Frances Taylor, founder of the Poor Servants of the Mother of God, once told one of her young Sisters: "Serve God always but not always in the same way. Do all you can for love of Him."
The words of Mother Magdalen Taylor – to use her full title – certainly apply to the SMG Sisters at St Joseph's in Freshfield who celebrated 100 years of serving God in many different ways last month. The Sisters marked their St Joseph's centenary with an outdoor Mass on 8 June, said by Bishop John Rawsthorne alongside Canon Joe Kelly – the episcopal vicar for sick and retired clergy, and parish priest of St George's, Maghull – and Father Paul Mooney, rector at the Mill Hill Missionaries.
To quote one of the Sisters: "We thanked God for our history, for all the kindness and help that we have received from the Friends of St Joseph, our staff, our families and our Sisters, and most of all for those we have been privileged to look after."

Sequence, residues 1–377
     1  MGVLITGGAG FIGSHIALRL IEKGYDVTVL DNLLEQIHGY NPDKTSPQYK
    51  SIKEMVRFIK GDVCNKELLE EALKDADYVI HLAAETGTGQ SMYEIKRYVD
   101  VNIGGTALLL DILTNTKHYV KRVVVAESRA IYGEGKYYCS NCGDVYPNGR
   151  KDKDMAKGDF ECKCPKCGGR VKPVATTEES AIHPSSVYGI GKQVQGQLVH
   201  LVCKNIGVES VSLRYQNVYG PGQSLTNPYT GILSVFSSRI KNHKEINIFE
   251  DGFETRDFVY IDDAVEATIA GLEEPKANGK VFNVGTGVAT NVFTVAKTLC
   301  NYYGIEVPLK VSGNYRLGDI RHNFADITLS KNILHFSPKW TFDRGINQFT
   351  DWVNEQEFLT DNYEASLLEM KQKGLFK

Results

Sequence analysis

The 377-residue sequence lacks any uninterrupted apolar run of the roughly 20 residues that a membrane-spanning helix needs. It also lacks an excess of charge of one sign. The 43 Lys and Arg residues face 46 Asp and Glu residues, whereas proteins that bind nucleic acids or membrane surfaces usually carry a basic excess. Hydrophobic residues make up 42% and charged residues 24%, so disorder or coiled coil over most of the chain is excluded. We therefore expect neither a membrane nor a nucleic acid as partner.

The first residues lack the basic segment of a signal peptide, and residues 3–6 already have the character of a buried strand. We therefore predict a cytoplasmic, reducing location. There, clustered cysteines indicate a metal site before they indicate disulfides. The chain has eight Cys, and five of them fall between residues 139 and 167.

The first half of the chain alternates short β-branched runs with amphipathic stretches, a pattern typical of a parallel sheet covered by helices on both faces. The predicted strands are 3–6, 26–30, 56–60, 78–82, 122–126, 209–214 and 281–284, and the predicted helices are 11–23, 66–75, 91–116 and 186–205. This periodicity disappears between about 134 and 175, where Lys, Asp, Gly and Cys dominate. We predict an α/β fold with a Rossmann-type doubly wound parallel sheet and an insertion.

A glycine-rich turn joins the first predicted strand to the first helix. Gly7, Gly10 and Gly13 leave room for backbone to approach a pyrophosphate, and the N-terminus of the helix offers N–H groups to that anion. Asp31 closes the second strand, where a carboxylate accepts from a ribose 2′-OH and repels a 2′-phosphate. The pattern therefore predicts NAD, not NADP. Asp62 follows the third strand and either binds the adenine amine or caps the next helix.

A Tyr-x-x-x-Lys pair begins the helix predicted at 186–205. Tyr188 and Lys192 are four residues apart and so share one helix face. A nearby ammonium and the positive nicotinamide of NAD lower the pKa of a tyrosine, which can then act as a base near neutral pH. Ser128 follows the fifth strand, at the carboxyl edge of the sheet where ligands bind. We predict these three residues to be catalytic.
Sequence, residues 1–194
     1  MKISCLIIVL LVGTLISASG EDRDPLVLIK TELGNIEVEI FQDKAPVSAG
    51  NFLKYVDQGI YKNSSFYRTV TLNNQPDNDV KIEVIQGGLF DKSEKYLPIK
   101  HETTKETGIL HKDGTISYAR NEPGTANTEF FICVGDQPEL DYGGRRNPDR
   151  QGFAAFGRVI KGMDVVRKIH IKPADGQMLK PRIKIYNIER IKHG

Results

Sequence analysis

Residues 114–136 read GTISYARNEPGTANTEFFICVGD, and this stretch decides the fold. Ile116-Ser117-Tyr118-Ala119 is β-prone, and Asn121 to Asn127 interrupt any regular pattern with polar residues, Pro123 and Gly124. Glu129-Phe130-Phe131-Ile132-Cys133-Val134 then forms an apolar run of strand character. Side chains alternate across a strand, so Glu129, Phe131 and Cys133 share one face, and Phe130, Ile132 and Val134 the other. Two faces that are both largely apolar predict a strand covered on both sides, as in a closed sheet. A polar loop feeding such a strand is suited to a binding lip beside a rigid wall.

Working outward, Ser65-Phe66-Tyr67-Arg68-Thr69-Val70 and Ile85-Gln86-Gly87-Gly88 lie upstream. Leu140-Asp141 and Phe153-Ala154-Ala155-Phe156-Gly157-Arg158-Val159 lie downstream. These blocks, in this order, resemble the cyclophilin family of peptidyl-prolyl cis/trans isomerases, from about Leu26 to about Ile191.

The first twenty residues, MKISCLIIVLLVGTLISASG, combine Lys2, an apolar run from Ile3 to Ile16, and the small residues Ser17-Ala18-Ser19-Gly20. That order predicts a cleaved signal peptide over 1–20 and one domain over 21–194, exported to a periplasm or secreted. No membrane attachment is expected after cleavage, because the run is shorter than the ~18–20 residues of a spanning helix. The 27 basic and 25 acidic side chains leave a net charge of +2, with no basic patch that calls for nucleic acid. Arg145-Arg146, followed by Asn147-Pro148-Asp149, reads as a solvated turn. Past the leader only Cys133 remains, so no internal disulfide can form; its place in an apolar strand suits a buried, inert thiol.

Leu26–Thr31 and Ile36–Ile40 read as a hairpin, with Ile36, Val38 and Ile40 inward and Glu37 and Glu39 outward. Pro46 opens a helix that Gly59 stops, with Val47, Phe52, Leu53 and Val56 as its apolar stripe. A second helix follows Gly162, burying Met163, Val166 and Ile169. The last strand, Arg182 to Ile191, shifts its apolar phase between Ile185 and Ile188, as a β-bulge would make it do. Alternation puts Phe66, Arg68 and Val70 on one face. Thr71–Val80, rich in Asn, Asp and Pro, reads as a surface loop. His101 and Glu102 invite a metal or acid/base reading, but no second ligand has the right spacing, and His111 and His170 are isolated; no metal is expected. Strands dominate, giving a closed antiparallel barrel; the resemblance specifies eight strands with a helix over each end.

Today the St Joseph's site includes a care home with hydrotherapy pool for up to 36 people with learning disabilities, the Fernley day centre, and a convent and prayer centre for retreats. The Frances Taylor Foundation on Merseyside, meanwhile, provides support for more than 300 people overall, many of them living in their own accommodation.
When the Sisters took over the original house on the site in 1915, donated by the Blundell family to Liverpool Archdiocese, they were tasked initially by Archbishop Thomas Whiteside with caring for children convalescing after tuberculosis. Their role has changed considerably over the years.
In the Second World War, St Joseph's became an evacuation site. It was then a home for children with complex needs (chiefly spasticity) and from the 1970s the children had their schooling on site. When the school closed, following a change of government policy (whereby young people under 19 had to be placed in the care of the community), the Sisters turned St Joseph's into a home for disabled people. This was inaugurated in 1990 and by the end of that decade the prayer centre had opened too.